Friday, October 19, 2007

Navy Keys to the Game

1) Make Wake Make Mistakes- Normally, I'd think of something intelligent to say like "get in Skinner's throwing lanes" or "mix up the zone packages to confuse him" but seeing as though techniques like that only work when your defense is playing well, I might as well not say them at all. Here's the deal, Wake Forest quarterbacks have combined for 12 picks and only five touchdown passes so far. That's a weakness you want to try to exploit, but one which is easier said than done. Ketric Buffin (4 int) looked like he was starting to develop into a ballhawking player who could jump routes and anticipate throws, but with him out for a month Navy doesn't necessarily have the playmakers to force turnovers. Nevertheless, Navy's defenders are going to have to find away to make something happen, and if that means taking chances so be it.

2) Don't Give Up the Big Play- We've already talked about forcing turnovers, but just as important for Navy is not allowing the big play when Wake has the football. Once again, this is a lot easier said than done. I've been having nightmares about Kenny Moore running circles around arm tackles for nights, and until I see otherwise I'm going to be extremely skeptical of the defenses ability to contain Moore and Adams. To be successful and stay in this game, Navy is going to have to force Wake to drive the length of field and trade field goals for touchdowns. It's not just on defense either, as Navy's special team (especially the kickoff coverage unit) will need to stay disciplined and not allow Wake' talented skill position players to get loose.

3) Don't get too Cute- Wake's defense has not been as good as last year's version, and by most accounts Navy should be able to move the football against the Wake front seven. However, one thing Paul Johnson and the offense have to keep in mind are Wake's five defensive touchdowns this season, in particular Wake's four interception returns for touchdowns. With a defense that's equatable to a speed bump trying to stop a blitzkrieg, Navy's offense can't afford to lose serve and give points away to Wake Forest. This doesn't mean playing conservatively, which is also a good way to kill drives if you ask me. Rather, it means playing within yourself and doing what your team does best. It also means, in my opinion anyway, staying away from Alphonso Smith, who unlike other Pitt or Air Force cornerbacks, does not drop the football when thrown to him.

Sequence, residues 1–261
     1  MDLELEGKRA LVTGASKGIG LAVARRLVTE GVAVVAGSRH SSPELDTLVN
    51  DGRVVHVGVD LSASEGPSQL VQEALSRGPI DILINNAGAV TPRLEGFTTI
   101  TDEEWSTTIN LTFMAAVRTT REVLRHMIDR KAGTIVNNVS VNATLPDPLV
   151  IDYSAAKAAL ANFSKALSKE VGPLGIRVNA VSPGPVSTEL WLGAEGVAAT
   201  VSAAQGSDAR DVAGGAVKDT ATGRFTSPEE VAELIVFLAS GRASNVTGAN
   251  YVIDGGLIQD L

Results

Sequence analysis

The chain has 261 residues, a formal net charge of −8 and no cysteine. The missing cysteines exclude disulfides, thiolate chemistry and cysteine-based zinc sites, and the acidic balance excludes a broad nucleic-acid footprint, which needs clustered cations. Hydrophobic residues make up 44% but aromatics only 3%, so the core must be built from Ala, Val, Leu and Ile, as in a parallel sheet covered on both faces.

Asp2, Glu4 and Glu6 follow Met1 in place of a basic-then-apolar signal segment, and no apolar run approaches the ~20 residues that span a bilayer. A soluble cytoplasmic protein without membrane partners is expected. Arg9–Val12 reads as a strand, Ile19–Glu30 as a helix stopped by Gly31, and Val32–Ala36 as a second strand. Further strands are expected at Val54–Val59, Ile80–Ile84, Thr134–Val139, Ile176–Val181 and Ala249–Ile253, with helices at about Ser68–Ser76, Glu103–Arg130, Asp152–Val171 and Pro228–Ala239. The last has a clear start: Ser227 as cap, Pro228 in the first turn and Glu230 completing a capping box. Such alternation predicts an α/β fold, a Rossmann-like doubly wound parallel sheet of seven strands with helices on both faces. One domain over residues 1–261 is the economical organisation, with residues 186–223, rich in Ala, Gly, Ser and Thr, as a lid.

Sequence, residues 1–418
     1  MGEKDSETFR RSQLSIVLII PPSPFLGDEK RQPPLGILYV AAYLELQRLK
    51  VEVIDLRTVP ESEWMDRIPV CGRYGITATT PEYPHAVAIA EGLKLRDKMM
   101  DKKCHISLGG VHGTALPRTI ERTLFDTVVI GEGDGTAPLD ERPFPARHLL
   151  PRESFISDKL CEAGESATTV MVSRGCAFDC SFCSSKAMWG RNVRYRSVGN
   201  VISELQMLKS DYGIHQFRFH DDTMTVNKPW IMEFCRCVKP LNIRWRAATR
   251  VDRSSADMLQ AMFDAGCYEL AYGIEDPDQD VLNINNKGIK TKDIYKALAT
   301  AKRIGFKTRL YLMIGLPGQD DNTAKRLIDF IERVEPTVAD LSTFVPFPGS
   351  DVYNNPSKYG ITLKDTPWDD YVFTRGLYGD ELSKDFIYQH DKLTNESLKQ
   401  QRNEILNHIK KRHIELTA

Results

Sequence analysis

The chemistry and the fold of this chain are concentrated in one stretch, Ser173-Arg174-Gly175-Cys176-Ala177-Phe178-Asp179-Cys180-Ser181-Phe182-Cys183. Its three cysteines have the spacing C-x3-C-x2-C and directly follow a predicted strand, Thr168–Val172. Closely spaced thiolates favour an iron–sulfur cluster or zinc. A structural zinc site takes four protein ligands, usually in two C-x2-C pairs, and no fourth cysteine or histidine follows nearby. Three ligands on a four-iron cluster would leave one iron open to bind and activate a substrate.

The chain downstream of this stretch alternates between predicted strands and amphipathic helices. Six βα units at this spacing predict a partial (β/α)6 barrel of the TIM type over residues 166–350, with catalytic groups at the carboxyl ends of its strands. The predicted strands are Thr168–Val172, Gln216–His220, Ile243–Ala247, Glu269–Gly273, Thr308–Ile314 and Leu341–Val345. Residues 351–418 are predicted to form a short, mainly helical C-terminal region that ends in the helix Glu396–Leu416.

football dad dan said...

Not sure what is the worst "poison" ... Taking a few chances on defense (& thus potentially giving up the "Big Play" a couple times) ... or watching WF methodically drive down the field every possession because Navy can't put pressure on the QB, nor tackle??? )o:

Like you clearly stated, the "O" can't afford to have their service "broken".

Beat Wake Forest!!!

Anonymous said...

In looking at Wake, you have to consider the difference between first half D and second half D. It's a team that's made good adjustments at halftime, and their second half D has been smothering. FSU was held to less than 50 yards and I think MD gained maybe three yards on the ground in the second half of their games.